CHAPTER 3 IFRS – INTERNATIONAL FINANCIAL REPORTING STANDARDS Brazil has gradually implemented the IASB´s International Accounting Standards since 2008 and the full IFRS since 2010. As a consequence, there have been several changes to Brazilian accounting practices, the most important of which is that these new accounting practices are required not only in consolidated financial statements but also in the individual financial statements (law 11638/07). These changes include the recognition of leasing transactions, depreciation treatment, the recognition of intangible assets, impairment concept, etc. The Accounting Pronouncements Committee – CPC was established in 2007 and is responsible for issuing new Brazilian accounting standards.

The RTT was optional for the 2008 and 2009 calendar years and mandatory as of 2010. It shall remain in force until a new tax law is enacted setting forth the tax effects.


The summary of the accounting Practices adopted in Brazil are as follow: 1 – Mandatory for Listed Companies and regulated by CVM • Consolidated and individual financial statements in accordance with IFRS from 2010, with early adoption allowed 2 – Mandatory for Financial Institutions and regulated by the Brazilian Central Bank • Consolidated and individual financial statements in accordance with IFRS from 2010, with early adoption allowed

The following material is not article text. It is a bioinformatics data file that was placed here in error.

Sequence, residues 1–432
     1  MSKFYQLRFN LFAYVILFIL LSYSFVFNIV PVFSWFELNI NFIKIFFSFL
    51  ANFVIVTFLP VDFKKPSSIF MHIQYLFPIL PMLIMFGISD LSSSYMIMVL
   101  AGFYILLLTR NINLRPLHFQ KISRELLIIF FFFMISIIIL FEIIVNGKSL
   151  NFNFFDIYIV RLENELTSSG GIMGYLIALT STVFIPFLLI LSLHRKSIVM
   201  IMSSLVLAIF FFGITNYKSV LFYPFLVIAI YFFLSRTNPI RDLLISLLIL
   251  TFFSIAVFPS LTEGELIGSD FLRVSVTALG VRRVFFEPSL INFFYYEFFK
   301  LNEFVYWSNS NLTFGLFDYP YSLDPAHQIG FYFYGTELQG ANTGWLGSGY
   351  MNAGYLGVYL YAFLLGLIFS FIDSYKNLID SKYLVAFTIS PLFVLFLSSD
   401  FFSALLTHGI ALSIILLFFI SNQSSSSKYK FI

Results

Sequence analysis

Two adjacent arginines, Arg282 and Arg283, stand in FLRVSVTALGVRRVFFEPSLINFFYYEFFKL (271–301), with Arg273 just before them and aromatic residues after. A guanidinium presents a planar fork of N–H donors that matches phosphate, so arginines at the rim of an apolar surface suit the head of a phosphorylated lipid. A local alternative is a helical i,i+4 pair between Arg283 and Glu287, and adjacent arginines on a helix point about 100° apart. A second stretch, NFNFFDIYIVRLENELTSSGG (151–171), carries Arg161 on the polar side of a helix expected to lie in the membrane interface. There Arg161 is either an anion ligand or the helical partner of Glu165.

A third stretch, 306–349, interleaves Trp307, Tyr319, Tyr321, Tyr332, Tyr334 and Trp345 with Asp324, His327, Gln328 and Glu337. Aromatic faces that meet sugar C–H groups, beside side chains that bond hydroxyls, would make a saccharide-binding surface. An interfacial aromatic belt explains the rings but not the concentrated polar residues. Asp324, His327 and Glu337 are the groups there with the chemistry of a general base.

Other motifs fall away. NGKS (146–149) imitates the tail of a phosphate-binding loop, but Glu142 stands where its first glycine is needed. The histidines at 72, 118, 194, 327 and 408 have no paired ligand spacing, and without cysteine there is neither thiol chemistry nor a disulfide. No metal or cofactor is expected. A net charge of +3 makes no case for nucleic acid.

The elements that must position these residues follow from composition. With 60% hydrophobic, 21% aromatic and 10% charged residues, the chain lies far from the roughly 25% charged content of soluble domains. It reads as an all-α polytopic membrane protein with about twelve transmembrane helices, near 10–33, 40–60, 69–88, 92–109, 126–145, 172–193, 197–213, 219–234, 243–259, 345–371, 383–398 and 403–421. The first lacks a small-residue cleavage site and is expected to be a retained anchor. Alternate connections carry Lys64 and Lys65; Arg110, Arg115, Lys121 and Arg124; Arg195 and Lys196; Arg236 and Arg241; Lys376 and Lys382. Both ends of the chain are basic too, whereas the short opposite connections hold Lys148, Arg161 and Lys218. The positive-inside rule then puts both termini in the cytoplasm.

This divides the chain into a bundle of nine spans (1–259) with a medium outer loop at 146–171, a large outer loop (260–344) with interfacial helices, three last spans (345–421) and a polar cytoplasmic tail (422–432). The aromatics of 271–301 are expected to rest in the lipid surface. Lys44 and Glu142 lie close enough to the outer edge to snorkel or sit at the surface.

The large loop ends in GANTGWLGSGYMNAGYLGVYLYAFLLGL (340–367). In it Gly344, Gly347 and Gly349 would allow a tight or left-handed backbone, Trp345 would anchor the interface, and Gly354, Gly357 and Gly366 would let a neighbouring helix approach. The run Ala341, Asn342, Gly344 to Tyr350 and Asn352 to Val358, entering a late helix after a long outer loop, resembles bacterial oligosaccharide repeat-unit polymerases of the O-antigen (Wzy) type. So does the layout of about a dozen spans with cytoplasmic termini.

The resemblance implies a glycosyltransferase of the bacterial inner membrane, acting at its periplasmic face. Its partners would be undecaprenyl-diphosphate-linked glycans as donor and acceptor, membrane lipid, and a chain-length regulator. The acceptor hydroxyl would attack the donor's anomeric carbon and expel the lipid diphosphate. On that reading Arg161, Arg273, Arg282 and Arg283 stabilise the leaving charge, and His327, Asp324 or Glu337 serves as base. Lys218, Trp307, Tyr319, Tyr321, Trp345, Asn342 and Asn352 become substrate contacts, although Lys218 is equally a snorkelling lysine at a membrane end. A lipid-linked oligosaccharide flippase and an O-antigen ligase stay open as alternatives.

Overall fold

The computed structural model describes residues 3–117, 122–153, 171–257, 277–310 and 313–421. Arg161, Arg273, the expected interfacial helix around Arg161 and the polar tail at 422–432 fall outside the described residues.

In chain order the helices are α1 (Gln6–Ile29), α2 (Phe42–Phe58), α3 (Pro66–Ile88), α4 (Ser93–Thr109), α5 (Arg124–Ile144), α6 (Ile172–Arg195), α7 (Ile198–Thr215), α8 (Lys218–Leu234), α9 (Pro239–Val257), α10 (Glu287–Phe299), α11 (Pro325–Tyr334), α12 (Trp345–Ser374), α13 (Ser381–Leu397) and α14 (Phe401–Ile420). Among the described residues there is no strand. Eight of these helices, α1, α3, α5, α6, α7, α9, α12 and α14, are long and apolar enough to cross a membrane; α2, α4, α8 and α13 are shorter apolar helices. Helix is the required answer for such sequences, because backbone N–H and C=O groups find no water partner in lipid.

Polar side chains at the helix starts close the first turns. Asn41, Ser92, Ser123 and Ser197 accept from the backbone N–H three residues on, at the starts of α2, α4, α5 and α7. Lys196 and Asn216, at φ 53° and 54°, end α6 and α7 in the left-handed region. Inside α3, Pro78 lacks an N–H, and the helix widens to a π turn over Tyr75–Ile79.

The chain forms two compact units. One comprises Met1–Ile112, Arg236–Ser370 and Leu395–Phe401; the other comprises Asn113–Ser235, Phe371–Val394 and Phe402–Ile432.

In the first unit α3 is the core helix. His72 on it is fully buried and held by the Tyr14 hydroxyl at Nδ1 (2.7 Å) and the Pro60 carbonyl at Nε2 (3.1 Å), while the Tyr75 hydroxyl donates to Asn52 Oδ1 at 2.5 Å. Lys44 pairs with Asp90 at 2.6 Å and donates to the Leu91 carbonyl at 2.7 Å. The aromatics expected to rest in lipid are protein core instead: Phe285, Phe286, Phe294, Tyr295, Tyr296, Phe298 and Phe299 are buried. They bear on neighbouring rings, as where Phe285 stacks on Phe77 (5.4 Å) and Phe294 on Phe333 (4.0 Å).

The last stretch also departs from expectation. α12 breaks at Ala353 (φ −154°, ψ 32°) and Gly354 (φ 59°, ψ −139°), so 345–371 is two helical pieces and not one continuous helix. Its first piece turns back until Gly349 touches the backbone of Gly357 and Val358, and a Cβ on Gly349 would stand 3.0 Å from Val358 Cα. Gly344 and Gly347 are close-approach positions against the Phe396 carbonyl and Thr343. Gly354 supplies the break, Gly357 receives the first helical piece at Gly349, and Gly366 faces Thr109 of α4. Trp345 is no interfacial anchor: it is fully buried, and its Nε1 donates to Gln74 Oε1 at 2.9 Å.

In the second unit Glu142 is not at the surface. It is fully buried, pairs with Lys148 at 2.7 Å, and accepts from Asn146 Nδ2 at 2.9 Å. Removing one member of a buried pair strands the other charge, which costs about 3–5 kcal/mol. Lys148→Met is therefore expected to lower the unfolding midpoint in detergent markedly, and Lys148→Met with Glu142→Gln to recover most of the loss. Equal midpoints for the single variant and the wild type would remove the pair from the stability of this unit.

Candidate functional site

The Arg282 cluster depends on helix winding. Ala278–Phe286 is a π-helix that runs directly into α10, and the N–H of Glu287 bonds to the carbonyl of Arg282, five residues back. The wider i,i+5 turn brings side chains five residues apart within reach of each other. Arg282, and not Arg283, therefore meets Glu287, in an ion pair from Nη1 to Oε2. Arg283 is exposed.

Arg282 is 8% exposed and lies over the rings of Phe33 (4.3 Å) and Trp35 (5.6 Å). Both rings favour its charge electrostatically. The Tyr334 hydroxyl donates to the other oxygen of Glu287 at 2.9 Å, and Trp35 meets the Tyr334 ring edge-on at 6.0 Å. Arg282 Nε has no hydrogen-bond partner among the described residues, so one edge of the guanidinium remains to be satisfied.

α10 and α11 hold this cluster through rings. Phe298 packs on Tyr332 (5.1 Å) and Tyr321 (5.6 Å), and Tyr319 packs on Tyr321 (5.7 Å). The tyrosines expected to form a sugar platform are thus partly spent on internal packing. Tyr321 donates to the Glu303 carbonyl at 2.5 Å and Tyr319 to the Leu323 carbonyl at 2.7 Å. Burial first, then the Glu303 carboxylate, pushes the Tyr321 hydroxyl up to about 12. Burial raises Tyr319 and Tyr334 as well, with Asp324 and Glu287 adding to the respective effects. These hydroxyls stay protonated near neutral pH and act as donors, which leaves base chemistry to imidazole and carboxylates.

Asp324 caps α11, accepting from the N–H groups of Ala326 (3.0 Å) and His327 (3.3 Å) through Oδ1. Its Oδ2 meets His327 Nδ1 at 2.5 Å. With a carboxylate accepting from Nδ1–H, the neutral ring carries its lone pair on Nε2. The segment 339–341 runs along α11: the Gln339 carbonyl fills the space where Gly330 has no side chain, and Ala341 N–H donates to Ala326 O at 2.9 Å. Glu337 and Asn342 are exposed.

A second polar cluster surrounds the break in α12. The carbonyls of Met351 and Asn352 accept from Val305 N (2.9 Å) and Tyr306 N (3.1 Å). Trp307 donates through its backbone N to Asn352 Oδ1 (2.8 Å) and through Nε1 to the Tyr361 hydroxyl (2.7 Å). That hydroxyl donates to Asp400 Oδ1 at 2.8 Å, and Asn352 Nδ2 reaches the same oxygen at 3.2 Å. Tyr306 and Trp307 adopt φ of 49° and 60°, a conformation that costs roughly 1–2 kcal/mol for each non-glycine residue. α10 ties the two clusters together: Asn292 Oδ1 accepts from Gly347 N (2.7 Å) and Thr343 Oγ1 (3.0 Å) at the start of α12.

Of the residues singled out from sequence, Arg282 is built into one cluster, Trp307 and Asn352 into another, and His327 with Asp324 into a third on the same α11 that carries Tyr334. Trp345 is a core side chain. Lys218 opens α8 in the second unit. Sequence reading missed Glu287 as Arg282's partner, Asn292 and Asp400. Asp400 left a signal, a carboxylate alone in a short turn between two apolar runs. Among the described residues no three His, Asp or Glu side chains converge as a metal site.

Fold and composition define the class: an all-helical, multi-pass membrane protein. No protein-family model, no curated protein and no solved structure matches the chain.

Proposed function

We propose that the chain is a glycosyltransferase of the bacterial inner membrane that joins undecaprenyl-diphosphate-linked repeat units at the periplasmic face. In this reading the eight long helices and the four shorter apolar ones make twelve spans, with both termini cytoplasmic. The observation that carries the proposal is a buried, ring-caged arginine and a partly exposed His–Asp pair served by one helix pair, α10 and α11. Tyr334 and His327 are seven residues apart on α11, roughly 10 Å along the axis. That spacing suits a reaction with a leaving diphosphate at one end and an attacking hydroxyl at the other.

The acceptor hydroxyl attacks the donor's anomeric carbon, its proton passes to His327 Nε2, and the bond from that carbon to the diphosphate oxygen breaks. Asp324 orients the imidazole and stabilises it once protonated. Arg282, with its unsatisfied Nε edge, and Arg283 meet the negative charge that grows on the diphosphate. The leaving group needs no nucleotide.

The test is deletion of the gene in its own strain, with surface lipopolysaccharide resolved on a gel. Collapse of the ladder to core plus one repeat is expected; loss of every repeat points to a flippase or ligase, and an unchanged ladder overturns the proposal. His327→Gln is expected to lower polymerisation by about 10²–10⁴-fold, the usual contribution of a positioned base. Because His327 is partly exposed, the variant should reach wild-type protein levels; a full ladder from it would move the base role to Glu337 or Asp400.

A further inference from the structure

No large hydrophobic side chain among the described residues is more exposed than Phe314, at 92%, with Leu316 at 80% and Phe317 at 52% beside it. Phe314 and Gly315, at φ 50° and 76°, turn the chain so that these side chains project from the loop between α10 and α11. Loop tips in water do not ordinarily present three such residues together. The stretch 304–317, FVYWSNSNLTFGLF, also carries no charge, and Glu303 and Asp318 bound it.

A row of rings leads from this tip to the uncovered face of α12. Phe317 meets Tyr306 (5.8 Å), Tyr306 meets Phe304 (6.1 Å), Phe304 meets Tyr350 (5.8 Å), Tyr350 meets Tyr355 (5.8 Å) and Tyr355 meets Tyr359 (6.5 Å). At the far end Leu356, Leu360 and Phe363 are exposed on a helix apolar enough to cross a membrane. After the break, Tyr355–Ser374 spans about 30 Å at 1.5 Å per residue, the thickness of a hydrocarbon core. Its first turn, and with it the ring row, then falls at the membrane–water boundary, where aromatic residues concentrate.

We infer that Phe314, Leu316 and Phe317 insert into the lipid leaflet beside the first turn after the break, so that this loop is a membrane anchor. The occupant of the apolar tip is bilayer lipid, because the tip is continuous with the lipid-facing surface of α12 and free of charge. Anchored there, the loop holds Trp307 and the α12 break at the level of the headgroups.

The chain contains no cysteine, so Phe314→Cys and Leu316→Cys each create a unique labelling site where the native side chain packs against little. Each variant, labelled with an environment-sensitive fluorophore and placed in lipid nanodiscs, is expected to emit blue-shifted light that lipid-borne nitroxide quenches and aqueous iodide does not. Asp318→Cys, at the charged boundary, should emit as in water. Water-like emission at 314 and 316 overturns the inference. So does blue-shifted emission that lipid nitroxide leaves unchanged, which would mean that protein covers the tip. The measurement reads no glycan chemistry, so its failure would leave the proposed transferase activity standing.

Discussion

From 2008 to the end of 2009, the CPC issued numerous new standards that were in essence a translation of the IFRS in order to apply IFRS standards in Brazil.

3 – Mandatory for All other companies regulated by CPC

Thus, the convergence from BR GAAP to IFRS did not occur until 2010.

• Consolidated and individual Financial Statements in accordance with IFRS. CPC has adopted a standard equivalent to IFRS for Small and Medium Entities – SME, which in the past has been applicable in Brazil for all companies.

Listed companies, financial institutions and insurance companies must prepare their 2010 consolidated financial statements in full compliance with IFRS. For such a process, The CVM, the Central Bank and SUSEP issue additional requirements to the entities regulated by them. From 2011, all legal entities in Brazil are required to prepare their individual or consolidated financial statements in accordance with IFRS. The Brazilian Authorities decided not to change the prevailing rules for tax, but created the RTT (Tax Transaction Temporary System) which focuses on the entire reconciliation of corporate and fiscal records as required by Law 11941/09 that guaranteed fiscal neutrality, i.e. no tax consequences should arise from the adoption of the new accounting criteria regarding the recognition of revenue, costs and expenses used to determine net income.